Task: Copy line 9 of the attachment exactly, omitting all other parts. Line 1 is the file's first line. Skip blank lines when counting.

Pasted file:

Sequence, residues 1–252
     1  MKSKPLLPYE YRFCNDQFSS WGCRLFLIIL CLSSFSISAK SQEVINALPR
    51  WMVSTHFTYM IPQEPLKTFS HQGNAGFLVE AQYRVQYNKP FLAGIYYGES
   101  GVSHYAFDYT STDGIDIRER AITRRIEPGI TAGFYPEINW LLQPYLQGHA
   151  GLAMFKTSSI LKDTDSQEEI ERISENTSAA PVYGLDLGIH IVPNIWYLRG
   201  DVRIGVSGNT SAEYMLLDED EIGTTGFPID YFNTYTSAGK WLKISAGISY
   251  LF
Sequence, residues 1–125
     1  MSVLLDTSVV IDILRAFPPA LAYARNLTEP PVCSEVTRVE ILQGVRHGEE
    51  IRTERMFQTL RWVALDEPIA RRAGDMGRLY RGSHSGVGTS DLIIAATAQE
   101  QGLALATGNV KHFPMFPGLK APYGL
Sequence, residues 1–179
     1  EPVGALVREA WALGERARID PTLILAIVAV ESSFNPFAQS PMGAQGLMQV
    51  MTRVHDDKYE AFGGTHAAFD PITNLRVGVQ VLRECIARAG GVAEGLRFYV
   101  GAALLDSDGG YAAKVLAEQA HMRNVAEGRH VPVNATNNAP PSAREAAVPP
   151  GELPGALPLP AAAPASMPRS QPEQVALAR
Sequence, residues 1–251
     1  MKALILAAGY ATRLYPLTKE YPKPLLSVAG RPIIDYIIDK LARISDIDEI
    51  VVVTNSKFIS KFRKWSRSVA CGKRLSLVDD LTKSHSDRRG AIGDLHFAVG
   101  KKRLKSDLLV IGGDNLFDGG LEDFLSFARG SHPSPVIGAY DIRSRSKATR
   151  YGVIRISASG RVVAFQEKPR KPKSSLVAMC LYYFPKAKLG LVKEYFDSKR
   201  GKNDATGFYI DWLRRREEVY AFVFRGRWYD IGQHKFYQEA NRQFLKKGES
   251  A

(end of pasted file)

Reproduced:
     1  MSVLLDTSVV IDILRAFPPA LAYARNLTEP PVCSEVTRVE ILQGVRHGEE